By Subhash K. Jha/ Bollywood Hungama.
A picture-perfect naval officer, highly decorated principled patriotic and deeply in love with his wife, comes ashore quicker than expected and catches his wife cheating with his best friend. Since the husband is played by the remarkably evolved Akshay Kumar we are mercifully spared the hysterical aftermath of an inherently melodramatic crime of passion that shook and stirred Mumbai’s beau monde in the year 1959.
That was the celebrated Nanawati case, known to change the way we look at the laws regarding crimes of passion. Rustom plucks the core of the crime, unplugs the theme of infidelity from its original context and plays deviously around with the facts to create a semi-fiction ‘what-if’ scenario where the characters hurl towards what the film’s writers would like to think of as an unexpectedly shocking ending. It’s like watching a true-life crime story from Shyam Benegal done in Walt Disney studios. The passion and drama feels real, thanks to a solid sincere central performance. But the manner in which the story unfolds suggests that no harm can come to this world of fragile blemished but unbreakable Utopia.
Director Tinu Suresh Desai who last visited London in the year 1920, takes to Mumbai in 1959 with a ferocious fulsomeness. There is a cardboard voluptuousness about the sets, including the courtroom where most of the drama in the second-half unfolds. The accents are exaggerated and excitable, and the makeup is lush and accented ripe and crimson, as though to highlight the theme’s deep-rooted affinity to Hitchcock and Brian de Palma’s film noire.
Tinu tackles the tender and powerful moments in the plot with all the skill at his disposal. Many of the potentially powerful moments suffer from the want of respite. The pace is breathy and anxious. The idea is to grab the restless audiences’ attention without inundating them in periodicity. The plot is therefore pulled forward with an urgent tug where we are led to believe that there is more to this crime against infidelity than meets the eye.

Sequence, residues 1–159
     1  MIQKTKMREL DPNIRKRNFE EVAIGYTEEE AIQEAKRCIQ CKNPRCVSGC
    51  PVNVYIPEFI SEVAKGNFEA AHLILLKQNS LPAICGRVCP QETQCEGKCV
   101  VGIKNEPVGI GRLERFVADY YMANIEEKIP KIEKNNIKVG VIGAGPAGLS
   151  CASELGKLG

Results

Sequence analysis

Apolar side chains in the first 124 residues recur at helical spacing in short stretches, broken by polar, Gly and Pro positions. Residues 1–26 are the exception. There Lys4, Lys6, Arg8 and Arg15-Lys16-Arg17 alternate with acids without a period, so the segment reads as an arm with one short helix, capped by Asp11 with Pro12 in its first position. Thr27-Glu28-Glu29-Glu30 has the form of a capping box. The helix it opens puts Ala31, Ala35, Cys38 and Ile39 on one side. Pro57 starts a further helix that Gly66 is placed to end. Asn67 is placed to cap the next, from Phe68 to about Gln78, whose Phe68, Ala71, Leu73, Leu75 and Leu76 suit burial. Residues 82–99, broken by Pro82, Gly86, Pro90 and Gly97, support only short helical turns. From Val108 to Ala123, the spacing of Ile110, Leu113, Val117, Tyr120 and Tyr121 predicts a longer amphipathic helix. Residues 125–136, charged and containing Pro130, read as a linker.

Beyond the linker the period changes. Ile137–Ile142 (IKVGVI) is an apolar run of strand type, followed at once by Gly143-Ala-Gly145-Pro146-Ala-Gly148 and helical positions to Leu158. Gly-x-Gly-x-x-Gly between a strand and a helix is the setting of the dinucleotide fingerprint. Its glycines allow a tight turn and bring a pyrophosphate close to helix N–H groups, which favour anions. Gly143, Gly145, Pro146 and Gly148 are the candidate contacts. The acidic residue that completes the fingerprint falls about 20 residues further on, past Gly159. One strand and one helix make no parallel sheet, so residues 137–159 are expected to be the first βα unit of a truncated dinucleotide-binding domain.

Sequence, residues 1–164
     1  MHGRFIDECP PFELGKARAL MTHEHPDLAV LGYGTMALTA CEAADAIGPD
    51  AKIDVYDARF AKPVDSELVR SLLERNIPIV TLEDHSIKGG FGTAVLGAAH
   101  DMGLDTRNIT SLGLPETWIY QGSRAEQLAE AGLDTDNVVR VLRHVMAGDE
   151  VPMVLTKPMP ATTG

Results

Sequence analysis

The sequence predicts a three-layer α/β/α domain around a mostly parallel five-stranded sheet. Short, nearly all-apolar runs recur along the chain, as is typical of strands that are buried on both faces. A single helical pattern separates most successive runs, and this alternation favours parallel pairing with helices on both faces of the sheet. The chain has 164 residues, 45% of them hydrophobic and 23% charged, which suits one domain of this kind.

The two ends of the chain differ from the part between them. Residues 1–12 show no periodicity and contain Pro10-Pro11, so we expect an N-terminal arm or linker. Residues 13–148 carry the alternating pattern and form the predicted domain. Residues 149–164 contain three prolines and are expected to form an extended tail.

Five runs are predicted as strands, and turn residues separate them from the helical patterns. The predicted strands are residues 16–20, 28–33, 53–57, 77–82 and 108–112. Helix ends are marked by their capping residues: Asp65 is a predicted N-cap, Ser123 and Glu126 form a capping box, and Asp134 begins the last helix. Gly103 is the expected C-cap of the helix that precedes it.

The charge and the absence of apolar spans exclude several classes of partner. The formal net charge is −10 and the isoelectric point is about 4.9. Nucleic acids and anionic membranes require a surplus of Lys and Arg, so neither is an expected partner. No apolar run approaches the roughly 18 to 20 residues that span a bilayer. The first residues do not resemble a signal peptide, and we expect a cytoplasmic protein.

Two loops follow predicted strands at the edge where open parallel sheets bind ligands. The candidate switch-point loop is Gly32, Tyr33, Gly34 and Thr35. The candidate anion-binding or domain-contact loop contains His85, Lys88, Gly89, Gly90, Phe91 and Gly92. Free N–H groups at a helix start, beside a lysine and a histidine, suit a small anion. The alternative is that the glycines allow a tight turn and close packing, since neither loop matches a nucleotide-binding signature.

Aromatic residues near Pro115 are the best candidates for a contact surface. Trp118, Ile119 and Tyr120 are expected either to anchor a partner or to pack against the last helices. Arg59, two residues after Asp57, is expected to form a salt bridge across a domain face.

By the time the shock end bounces into the stylized courtroom (more akin to B R Chopra Kanoon than Subhash Kapoor’s Jolly LLB) we are not left with much room to absorb the enormity of the ‘revelation’
The makers of Rustom were right. This is not the Nanawati case that shook Mumbai in 1959. The 1963 film Yeh Raaste Hain Pyar Ke was much closer in spirit to the real crime. And the bewitching Leela Naidu as the unfaithful wife…ummm…killed it. Ileana D’Cruz’s wife is distressfully apologetic and snivelling. Why must her infidelity be seen as an accidental slip and why she be the hand-wringing lip-biting penitent wife who worships her husband for being such a pillar of strength during times of marital adversity?
If only the script had the guts to say that what we all know-that women with absentee husbands do stray from the marital fold–this film could have been a powerful voice for a spouseless wife’s sexual needs the way Aruna Raje’s Rihaee was so many years ago. Instead in Rustom Ileana D’Cruz is shrill and repentant like Reena Roy in Bezubaan after ‘photographer’ Naseeruddin Shah seduced and blackmailed her.
Some of the supporting roles such Bajwa’s philanderer, Esha Gupta as his vengeful sister, Pavan Malhotra as the investigating cop and Kumud Mishra as Russy Karanjia-modelled tabloid editor throw forward interesting possibilities but remain shadowy figures meant to contour the heroic dimensions of the main protagonist.
Rustom is unmistakably a vehicle to showcase Akshay Kumar’s power to portray spiritual transparency during times of stressful betrayal and deception. He does so with a sincerity that is at times heart breaking and at other times reassuring. After Airlift this is one more performance from Akshay that proves he can hold the camera without making overt attempts to get our attention.
Most of the second-half of Rustom is a courtroom drama with Akshay fighting his own case.